This website is a copy of Beall's list of predatory publishers & journals. It was retrieved from cached copy on 15th January 2017. The list itself will not be changed, I may however add notes to the list.
Jan 15, 2019· This is an archived version of the Beall's list - a list of potential predatory publishers created by a librarian Jeffrey Beall. We will only update links and add notes to this list. A list of new predatory publishers is available below the original one.
Jan 24, 2017· Beall's list of 'predatory' open access journals has disappeared but the information isn't lost: It still exists across many resources - including on Publons. Note: It is worth clarifying here that Publons is not an indexing service. That means that any journal in the world can have some kind of presence on Publons.
Jan 15, 2016· Beall's List of Predatory Publishers 2015 by Jeffrey Beall, January 2, 2015 Each year at this time I formally release my updated list of predatory publishers. Because the list is now very large, and because I now publish four, continuously-updated lists, this year's release does not include the actual lists but instead includes statistical…
Jan 30, 2017· Jeffrey Beall's list of these publishers and journals was controversial (that adjective seemed to be required by law to appear in the same sentence every time the site was first mentioned). There is a margin at which people argue about whether a given title is "predatory" or not.
Jul 09, 2019· Threats of legal cases by some of the publishers he had labelled as 'predatory' resulted in Beall taking the list down. Inside academia, Beall had received a lot of recognition for his list and for systematically analysing and identifying predatory journal practices, which many scholars were using to avoid falling into these journals' traps.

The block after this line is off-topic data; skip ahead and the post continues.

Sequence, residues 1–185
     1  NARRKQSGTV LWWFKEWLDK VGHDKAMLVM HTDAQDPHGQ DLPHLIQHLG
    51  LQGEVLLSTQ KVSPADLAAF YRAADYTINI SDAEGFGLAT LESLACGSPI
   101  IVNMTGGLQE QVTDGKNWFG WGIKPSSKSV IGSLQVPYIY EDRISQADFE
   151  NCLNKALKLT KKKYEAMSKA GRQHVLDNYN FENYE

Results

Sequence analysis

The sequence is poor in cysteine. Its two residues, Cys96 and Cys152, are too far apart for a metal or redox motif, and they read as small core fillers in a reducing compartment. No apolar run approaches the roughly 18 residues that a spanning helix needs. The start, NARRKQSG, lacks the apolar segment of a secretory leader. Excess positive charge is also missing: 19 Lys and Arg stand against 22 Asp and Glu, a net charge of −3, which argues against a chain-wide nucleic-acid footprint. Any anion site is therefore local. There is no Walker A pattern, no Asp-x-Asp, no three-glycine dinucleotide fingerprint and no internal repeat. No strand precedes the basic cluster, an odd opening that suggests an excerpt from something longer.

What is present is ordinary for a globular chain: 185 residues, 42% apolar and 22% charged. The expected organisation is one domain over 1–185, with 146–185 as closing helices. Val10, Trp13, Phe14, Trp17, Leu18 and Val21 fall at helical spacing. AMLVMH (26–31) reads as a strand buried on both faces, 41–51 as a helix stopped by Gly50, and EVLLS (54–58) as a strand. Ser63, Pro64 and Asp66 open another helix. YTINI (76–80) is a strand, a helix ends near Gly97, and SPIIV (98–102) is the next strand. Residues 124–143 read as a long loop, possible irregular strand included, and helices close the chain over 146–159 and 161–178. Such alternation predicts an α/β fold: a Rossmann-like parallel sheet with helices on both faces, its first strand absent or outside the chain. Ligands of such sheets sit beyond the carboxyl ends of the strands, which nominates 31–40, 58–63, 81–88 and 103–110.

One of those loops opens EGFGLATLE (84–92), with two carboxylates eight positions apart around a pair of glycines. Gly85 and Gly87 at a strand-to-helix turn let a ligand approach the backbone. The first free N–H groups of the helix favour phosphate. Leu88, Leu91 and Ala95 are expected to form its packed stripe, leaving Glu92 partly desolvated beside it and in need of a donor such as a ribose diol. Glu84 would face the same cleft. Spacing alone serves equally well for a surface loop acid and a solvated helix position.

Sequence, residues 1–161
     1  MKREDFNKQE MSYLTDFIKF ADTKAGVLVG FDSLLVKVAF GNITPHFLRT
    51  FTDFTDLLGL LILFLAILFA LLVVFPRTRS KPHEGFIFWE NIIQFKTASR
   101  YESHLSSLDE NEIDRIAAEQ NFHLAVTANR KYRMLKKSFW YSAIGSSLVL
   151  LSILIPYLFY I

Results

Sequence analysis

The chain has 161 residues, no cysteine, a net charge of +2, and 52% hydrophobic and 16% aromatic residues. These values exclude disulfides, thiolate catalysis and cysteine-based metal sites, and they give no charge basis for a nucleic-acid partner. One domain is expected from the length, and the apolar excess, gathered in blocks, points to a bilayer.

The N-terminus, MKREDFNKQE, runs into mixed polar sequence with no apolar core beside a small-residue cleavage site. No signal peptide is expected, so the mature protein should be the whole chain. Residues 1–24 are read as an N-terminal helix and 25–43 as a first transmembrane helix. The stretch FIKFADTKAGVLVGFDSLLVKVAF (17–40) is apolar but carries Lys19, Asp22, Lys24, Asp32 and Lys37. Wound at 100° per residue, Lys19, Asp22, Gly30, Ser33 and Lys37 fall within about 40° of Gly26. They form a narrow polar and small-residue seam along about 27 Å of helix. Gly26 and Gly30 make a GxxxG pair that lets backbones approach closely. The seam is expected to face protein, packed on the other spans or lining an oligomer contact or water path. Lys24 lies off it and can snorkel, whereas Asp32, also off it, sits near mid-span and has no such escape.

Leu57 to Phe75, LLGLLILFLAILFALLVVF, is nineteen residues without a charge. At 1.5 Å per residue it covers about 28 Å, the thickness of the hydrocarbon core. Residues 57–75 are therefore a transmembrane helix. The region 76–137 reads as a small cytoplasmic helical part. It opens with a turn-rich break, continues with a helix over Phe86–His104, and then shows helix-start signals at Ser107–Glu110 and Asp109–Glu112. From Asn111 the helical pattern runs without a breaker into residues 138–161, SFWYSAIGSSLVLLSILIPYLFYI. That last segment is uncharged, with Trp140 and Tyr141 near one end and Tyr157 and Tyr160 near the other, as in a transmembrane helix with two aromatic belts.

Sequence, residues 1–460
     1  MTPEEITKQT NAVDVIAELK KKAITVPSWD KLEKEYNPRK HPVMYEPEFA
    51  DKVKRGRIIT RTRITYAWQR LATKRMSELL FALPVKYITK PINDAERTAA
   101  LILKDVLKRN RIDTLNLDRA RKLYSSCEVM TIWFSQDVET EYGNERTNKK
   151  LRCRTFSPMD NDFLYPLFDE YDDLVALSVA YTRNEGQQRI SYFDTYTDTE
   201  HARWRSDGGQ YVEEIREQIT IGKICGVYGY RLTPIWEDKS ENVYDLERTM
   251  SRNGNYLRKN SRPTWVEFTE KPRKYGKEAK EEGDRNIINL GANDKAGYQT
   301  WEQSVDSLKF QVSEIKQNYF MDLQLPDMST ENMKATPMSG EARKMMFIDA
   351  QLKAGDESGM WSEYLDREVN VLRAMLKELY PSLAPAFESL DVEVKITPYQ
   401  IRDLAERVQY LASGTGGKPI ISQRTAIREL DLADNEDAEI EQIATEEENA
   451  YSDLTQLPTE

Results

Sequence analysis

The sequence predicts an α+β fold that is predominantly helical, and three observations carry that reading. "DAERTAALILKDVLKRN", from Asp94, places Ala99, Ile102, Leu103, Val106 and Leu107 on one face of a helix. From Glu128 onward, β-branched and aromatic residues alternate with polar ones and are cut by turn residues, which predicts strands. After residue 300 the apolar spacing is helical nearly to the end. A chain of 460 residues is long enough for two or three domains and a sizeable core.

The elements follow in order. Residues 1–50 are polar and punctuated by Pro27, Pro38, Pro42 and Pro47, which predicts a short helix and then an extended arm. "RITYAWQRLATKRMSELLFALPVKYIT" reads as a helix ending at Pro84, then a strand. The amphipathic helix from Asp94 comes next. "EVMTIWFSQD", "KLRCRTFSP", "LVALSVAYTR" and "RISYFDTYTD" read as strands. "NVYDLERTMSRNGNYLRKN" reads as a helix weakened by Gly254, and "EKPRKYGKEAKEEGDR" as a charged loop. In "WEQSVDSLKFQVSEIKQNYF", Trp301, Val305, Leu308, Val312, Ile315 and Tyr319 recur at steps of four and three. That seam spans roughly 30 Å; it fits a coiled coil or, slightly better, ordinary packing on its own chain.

Dec 13, 2012· Jeffrey Beall's list is not accurate to believe. There are a lot of personal biases of Jeffrey Beall. Hindawi still uses heavy spam emailing. Versita Open still uses heavy spam emailing. But these two publishers have been removed in Jeffrey Beall's list recently. There is no reason given by Jeffrey Beall why they were removed.
Jeffrey Beall, a librarian at the University of Colorado-Denver, who curates a blacklist of "potential, possible, or probable" predatory OA publishers and journals. Beall's list has become a go-to tool and has even been featured in New York Times but it is not the final word on predatory publishing, partially because Beall himself has a ...
A 2015 study by researchers at the Hanken School of Economics in Finland found that "predatory" publishing skyrocketed between 2010 and 2014, during which the number of scholarly articles published in journals on Beall's list increased nearly tenfold. Many academics also rely on the lists to determine if a journal or a publisher is ...
Jul 18, 2019· Beall's List: Criteria for Predatory Open-Access Publishers Based on an analysis of publisher content, practices, and websites according to established ethical standards. BioMed Central
University of Colorado Denver librarian and researcher Jeffrey Beall, who coined the term "predatory publishing", first published his list of predatory publishers in 2010. Beall's list of potential, possible, or probable predatory scholarly open-access publishers attempted to identify scholarly open access publishers with questionable practices.
Beall's List of Predatory Publishers Posted on January 23, 2017 by Catherine Voutier | This is an archive copy of the latest edition of Beall's list before it went dark. As scholarly publishing moves quickly, this static list will lose relevancy over time. Check out this check-
"Predatory publishers are also becoming more aggressive," said Dr. Holland, "sending emails with subject lines like, 'Your submission is overdue.'" Growing. From 2011 to 2017, Jeffrey Beall, a librarian at the University of Colorado in Denver, kept a list of "potential, possible, or probable" predatory journals and publishers.
The recent letter published in The American Journal of Medicine by Mimouni et al entitled "Beall's list removed: what stands between us and the open access predators?"1 raises an important question: are there any alternatives to Beall's List of predatory journals and publishers?